The Creative’s Everlasting Struggle: Dealing With Perfectionism

Do you ever have the desire to create something — whether it’s painting, drawing a picture, or writing a blog post — and you just can’t seem to express it the way you want to? This has been one of my biggest struggles in blogging.

The Creative's Everlasting Struggle | Life, UnleashedI have so many ideas of things I would love to write about… topics that set my soul on fire. I have so much I’d like to share! Yet, when I set out to write what’s on my mind, I can’t seem to get things to translate properly from my head to the page (or screen). It is extremely frustrating!

I think a lot of it comes down to perfectionism, though. Instead of just getting something out there, I feel like, if I can’t say it the way I “see” it in my head, then it’s not “good enough”, and I can’t share it at all. Sometimes (okay — quite often, truth-be-told), this fear completely disables me, and I end up doing nothing — which only adds to my frustration.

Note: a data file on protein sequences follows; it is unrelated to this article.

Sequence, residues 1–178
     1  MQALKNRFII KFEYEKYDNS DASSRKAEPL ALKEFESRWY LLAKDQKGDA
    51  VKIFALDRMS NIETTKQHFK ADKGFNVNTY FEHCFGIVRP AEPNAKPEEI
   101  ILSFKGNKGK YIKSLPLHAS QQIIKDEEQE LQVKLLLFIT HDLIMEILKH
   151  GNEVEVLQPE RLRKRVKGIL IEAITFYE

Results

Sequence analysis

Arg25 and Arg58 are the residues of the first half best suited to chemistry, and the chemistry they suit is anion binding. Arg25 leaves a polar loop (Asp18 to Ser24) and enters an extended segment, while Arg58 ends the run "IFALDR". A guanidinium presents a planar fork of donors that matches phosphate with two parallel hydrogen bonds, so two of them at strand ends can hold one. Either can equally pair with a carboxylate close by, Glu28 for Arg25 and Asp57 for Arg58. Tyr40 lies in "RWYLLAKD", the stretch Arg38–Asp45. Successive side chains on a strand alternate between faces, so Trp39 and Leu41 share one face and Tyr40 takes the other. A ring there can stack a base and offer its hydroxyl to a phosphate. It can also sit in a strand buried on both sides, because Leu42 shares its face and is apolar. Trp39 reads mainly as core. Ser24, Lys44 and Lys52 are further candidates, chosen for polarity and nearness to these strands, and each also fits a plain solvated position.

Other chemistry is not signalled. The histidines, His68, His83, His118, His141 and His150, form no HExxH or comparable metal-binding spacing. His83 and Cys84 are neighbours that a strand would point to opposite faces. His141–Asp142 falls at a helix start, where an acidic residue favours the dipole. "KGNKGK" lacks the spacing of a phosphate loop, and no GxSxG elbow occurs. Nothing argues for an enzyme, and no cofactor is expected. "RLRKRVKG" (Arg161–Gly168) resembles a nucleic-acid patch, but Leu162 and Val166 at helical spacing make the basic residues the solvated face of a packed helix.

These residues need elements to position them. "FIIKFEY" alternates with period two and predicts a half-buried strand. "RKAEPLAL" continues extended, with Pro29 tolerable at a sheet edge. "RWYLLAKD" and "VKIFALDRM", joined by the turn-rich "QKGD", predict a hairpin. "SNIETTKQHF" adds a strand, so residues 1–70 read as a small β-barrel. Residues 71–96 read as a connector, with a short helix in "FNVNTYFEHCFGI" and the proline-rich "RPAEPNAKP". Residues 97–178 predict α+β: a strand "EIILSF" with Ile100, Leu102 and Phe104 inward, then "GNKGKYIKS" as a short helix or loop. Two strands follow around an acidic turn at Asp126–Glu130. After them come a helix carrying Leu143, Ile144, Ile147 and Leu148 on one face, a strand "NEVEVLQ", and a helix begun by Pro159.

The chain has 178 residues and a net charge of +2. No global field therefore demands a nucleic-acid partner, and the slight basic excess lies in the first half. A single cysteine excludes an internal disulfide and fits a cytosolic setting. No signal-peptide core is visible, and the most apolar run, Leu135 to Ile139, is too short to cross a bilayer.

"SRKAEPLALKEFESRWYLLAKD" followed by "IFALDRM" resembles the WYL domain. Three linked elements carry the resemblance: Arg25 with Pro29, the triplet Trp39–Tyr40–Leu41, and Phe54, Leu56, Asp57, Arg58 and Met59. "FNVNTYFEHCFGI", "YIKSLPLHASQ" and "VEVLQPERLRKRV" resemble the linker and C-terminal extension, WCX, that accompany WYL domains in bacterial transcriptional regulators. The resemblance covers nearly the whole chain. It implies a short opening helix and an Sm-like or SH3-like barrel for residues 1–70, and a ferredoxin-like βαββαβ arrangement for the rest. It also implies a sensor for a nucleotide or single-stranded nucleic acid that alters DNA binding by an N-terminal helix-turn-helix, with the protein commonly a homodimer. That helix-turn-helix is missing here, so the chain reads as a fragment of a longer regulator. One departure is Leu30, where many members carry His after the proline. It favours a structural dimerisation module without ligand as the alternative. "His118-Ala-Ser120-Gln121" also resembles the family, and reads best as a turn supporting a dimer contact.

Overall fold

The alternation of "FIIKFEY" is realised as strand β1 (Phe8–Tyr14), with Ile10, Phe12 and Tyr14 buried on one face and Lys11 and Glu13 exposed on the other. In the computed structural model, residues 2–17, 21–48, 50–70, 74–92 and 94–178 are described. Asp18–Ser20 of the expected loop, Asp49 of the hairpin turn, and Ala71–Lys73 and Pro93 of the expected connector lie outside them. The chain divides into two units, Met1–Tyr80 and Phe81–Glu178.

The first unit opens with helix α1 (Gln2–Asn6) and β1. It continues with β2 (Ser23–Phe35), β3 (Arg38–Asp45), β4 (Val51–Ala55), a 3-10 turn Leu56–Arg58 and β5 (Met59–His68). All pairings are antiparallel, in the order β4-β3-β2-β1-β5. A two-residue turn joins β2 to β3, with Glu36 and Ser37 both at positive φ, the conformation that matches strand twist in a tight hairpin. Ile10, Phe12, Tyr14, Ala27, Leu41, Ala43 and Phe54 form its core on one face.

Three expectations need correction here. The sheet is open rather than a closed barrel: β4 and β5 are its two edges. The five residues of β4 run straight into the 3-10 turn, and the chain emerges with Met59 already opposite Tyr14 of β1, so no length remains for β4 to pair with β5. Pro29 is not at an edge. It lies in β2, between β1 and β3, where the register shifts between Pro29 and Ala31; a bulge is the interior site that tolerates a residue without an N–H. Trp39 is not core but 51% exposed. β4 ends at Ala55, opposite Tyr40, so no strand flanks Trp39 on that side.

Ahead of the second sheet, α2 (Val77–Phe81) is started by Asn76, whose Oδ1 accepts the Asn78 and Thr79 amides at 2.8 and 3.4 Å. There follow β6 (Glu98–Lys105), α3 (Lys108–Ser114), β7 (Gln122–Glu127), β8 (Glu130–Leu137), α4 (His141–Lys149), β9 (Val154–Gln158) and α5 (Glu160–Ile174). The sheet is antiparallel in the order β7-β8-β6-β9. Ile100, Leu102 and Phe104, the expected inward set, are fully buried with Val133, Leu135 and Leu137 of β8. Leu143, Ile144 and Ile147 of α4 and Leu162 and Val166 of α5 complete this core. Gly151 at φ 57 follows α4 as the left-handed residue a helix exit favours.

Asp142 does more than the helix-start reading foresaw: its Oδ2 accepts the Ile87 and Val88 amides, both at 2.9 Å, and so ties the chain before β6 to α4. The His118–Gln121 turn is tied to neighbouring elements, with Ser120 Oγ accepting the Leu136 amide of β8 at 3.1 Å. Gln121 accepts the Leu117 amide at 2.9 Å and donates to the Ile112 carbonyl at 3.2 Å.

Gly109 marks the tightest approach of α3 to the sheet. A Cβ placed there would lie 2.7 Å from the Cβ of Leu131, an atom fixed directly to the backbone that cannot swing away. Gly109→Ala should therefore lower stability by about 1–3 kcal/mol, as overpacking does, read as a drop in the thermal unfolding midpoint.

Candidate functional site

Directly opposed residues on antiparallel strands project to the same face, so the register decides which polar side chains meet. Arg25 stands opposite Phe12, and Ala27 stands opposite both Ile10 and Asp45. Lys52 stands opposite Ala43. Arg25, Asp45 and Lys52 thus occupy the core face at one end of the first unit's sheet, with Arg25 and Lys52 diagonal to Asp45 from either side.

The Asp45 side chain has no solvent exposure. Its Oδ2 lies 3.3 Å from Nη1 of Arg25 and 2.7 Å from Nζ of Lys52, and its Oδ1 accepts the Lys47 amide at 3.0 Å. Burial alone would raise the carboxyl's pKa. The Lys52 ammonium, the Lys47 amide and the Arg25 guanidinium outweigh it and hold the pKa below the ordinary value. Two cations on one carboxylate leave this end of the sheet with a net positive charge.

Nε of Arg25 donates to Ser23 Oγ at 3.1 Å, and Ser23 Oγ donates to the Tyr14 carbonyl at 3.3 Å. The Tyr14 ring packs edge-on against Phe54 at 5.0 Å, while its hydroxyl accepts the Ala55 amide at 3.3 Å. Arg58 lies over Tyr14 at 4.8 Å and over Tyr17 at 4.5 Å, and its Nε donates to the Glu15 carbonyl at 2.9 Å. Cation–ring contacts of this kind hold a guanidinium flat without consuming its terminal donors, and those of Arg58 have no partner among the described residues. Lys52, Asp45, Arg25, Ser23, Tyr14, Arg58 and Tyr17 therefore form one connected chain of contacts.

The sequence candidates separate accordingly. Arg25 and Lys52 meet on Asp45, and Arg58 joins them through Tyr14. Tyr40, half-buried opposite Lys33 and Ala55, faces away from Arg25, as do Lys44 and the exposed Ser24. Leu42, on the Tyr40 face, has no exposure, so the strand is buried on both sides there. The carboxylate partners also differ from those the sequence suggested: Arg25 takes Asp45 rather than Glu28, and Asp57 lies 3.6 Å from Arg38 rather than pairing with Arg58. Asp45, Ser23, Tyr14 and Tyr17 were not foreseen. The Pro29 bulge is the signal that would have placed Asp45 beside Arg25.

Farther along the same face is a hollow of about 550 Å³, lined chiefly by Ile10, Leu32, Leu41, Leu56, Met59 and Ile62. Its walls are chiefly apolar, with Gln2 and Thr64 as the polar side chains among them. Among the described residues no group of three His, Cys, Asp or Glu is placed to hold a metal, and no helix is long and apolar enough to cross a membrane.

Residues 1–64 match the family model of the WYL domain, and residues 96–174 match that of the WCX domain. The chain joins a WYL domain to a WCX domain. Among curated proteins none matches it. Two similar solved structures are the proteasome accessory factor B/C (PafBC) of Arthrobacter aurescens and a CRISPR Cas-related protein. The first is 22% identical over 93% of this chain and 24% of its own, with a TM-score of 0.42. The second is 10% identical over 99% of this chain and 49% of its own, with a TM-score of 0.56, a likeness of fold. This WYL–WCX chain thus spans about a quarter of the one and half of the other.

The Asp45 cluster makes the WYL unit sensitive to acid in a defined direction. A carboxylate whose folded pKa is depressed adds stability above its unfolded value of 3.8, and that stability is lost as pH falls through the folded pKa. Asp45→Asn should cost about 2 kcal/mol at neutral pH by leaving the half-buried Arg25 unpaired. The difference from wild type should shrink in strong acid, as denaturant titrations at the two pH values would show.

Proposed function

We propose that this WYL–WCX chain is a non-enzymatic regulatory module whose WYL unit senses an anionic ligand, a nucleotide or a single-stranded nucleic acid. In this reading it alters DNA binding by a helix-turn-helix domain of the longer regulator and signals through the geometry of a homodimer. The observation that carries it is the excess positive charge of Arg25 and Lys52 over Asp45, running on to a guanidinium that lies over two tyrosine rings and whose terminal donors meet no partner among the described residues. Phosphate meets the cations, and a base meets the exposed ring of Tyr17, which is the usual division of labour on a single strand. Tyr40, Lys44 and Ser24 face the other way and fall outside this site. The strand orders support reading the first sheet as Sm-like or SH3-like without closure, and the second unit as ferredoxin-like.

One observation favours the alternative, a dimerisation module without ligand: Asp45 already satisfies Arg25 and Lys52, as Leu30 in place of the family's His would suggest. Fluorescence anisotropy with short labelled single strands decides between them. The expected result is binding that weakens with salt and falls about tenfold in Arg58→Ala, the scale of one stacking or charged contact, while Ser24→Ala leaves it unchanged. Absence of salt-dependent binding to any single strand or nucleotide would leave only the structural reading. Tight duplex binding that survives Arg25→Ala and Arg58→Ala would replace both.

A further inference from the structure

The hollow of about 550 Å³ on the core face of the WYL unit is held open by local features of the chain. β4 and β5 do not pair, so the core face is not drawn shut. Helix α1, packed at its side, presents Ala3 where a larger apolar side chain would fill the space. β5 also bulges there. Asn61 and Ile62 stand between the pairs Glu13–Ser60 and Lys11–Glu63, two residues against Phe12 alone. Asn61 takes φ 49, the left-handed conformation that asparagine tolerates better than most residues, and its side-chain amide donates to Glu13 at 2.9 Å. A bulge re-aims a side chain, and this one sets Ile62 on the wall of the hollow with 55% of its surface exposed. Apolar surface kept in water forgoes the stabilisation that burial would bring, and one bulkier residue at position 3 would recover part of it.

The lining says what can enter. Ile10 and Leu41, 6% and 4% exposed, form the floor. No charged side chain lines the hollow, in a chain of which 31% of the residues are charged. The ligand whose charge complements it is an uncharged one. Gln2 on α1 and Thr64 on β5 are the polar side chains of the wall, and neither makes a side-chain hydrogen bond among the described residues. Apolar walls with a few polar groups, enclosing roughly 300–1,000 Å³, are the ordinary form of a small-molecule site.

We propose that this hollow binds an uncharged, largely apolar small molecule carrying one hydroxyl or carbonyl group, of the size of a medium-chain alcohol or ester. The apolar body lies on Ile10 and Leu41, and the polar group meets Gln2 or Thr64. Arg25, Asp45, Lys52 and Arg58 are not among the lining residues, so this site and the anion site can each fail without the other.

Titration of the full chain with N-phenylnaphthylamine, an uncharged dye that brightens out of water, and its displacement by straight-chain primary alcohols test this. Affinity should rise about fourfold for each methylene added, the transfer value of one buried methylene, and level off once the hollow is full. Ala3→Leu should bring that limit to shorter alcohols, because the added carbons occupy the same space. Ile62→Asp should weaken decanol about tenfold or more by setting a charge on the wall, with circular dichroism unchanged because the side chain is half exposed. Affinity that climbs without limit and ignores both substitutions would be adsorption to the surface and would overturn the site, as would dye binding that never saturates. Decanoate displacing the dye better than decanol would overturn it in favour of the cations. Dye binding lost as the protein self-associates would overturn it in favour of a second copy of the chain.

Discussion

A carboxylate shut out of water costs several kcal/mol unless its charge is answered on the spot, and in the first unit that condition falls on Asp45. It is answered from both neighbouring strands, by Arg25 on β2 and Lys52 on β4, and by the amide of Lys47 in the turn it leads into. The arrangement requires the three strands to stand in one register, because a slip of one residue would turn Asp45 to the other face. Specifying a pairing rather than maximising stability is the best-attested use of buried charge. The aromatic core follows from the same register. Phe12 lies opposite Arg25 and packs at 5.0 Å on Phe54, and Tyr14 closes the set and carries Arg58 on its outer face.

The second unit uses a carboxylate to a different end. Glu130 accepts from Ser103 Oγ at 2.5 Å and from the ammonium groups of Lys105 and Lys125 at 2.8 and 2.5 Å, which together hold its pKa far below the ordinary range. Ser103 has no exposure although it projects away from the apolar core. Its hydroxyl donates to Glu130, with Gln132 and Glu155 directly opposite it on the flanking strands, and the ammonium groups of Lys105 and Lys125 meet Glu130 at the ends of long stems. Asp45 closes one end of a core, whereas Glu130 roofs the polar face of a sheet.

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One of the things I’ve discovered, recently, is that when I feel like I have to write posts for my blog (because it is a part of my business), then I am even more stricken by this “perfectionist” disease. This is a part of why, in changing websites from A Daily Rhythm to Life, Unleashed, I made the decision that — at least, for now — Life, Unleashed will not be a business but, instead, solely a blog. I had lost the joy of blogging just for blogging’s sake, and needed to get that back.

So, as of right now, I am still in the process of “recovering” (I hope) from the need to have everything I write be “perfect” in order to send it out to the world. I am learning that the only way that my writing will improve is if I give myself permission to “write poorly” for a time, and to just learn to post consistently. The more I write, the better I will get. And the better my writing gets, the less this need for perfection will haunt me.

 Do you ever suffer from this struggle — unable to get things from your head to the page, and have them look how you “pictured” them? What do you do to overcome this?